The amount of names on the government’s secret list of individuals banned from flying to or within the United States has more than doubled in the past year.
The no-fly list skyrocketed from around 10,000 known or suspected terrorists one year ago to about 21,000, according to government figures provided to the Associated Press. 500 of those banned from flying are American citizens.
After the failed Christmas 2009 bombing attempt on a Detroit-bound jetliner, the Obama administration lowered the criteria for putting people on the list, and then scoured its files for anyone who qualified. True to his promise of more government transparency the President will not disclose who is on the list or why someone might be placed on it.
“Both U.S. intelligence and law enforcement communities and foreign services continue to identify people who want to cause us harm, particularly in the U.S. and particularly as it relates to aviation,” Transportation Security Administrator John Pistole said in an interview.
Umar Farouk Abdulmutallab, who pleaded guilty to the 2009 attack, was listed in a large U.S. intelligence database that included partial names and relatives of suspected terrorists. That database supplies information to the broad terror watch list, of which the no-fly list is a component, but only when there is enough information connecting the person to terrorism. Officials believe the U.S. had enough information at the time to place Abdulmutallab on the broader terror watch list, but have not offered an explanation as to why they did not.
Senior Homeland Security Department official, Caryn Wagner, told senators during an oversight hearing, “We have been able to harness the intelligence from the intelligence community to inform our instruments to keep people out at our borders, to make sure that the wrong people are not getting on airplanes at last points of departure and to make sure that people who shouldn’t get them are not receiving immigration benefits from the department.”
Among the most significant new standard is that a person no longer has to be considered only a threat to aviation to be placed on the no-fly list. People who are considered a threat to domestic or international security or who attended a terror training camp also are included, said a U.S. counterterrorism official who spoke on condition of anonymity.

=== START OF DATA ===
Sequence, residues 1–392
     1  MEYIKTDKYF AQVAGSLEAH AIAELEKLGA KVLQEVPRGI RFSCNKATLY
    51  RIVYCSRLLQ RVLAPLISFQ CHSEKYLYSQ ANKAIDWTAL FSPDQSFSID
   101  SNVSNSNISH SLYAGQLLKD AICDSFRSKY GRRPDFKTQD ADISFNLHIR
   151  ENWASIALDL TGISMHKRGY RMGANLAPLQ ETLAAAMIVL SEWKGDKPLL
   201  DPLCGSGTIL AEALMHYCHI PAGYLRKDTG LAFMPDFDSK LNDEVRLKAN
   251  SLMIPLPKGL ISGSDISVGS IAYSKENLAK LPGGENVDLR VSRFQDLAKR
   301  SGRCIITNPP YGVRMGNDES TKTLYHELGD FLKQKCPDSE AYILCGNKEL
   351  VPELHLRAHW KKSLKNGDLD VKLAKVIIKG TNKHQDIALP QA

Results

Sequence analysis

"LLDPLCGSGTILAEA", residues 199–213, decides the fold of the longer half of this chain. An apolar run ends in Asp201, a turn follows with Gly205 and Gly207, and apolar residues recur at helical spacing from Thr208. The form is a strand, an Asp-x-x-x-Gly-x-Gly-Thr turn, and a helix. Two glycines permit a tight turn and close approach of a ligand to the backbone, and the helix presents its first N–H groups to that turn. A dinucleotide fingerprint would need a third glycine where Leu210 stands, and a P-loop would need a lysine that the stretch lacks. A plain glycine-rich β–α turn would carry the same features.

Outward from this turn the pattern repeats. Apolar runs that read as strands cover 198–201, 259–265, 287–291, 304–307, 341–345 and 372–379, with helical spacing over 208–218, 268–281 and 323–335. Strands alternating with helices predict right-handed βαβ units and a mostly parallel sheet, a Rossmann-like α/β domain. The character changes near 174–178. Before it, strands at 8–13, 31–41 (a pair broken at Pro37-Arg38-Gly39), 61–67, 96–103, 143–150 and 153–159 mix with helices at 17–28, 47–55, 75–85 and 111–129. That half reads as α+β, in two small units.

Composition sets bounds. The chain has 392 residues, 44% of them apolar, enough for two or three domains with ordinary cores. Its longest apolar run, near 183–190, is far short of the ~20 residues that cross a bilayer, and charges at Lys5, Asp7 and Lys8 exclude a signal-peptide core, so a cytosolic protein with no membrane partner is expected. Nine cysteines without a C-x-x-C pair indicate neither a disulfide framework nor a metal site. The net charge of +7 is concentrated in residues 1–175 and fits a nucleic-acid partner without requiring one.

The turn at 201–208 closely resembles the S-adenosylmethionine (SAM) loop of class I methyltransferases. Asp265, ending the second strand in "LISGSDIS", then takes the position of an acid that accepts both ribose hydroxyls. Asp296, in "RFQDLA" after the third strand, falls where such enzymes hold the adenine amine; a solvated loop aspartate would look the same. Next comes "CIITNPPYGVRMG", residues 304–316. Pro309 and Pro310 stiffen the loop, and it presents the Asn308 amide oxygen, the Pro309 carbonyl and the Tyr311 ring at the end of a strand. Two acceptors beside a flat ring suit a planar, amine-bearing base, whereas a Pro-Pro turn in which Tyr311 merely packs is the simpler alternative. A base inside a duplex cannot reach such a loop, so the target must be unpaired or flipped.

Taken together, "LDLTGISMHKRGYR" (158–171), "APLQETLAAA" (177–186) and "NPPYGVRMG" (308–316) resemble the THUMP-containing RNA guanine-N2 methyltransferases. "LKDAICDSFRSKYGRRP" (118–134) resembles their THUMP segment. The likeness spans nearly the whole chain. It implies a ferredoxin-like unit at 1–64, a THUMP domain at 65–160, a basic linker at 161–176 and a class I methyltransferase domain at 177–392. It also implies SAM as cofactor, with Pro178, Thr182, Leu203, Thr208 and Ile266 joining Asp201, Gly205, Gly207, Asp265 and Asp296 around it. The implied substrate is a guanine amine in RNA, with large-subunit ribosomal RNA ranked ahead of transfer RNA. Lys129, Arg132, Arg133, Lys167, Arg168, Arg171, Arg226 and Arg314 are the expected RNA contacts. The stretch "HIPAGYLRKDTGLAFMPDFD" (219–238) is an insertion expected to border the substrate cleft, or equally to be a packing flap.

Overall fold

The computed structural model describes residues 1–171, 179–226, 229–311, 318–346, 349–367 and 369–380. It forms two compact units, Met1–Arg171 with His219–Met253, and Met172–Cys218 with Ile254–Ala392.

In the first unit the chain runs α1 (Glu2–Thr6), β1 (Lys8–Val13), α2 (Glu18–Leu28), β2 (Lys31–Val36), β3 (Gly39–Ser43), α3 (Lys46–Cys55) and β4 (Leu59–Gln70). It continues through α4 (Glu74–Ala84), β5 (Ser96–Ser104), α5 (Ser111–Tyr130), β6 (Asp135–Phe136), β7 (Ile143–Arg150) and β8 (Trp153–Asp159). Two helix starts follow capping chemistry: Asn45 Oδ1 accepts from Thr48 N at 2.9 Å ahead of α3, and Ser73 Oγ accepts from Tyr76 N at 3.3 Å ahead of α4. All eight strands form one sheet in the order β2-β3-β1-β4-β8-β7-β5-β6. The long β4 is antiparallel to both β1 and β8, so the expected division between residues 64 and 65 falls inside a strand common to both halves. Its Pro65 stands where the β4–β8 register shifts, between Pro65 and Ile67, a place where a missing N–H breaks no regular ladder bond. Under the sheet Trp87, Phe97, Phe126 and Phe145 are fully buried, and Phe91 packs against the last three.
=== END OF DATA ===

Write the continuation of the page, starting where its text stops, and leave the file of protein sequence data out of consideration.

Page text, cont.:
As agencies complete the reviews of their files, the pace of growth is expected to slow, the counterterrorism official said.
The American Civil Liberties Union has sued the government on behalf of Americans who believe they’re on the no-fly list and have not been able to travel by air for work or to see family.
“The news that the list is growing tells us that more people’s rights are being violated,” said Nusrat Choudhury, a staff attorney working for the ACLU’s national security project. “It’s a secret list, and the government puts people on it without any explanation. Citizens have been stranded abroad.”
“The government will not tell people whether they’re on the list or why they’re on it, making it impossible for people to defend themselves” Choudhury said.
“People who complain that they’re unfairly on the no-fly list can submit a letter to the Homeland Security Department, but the only way they’ll know if they’re still on the list is to try to fly again” she added.
According to former chief of the Terrorist Screening Operations center and now vice president with the Soufan Group, if a person is nominated to be on the no-fly list, but there is insufficient information to justify it, the Terrorist Screening Center downgrades the person to a different list.
“You can’t just say: ‘Here’s a name. Put him on the list.’ You’ve got to have articulable facts,” Reardon said.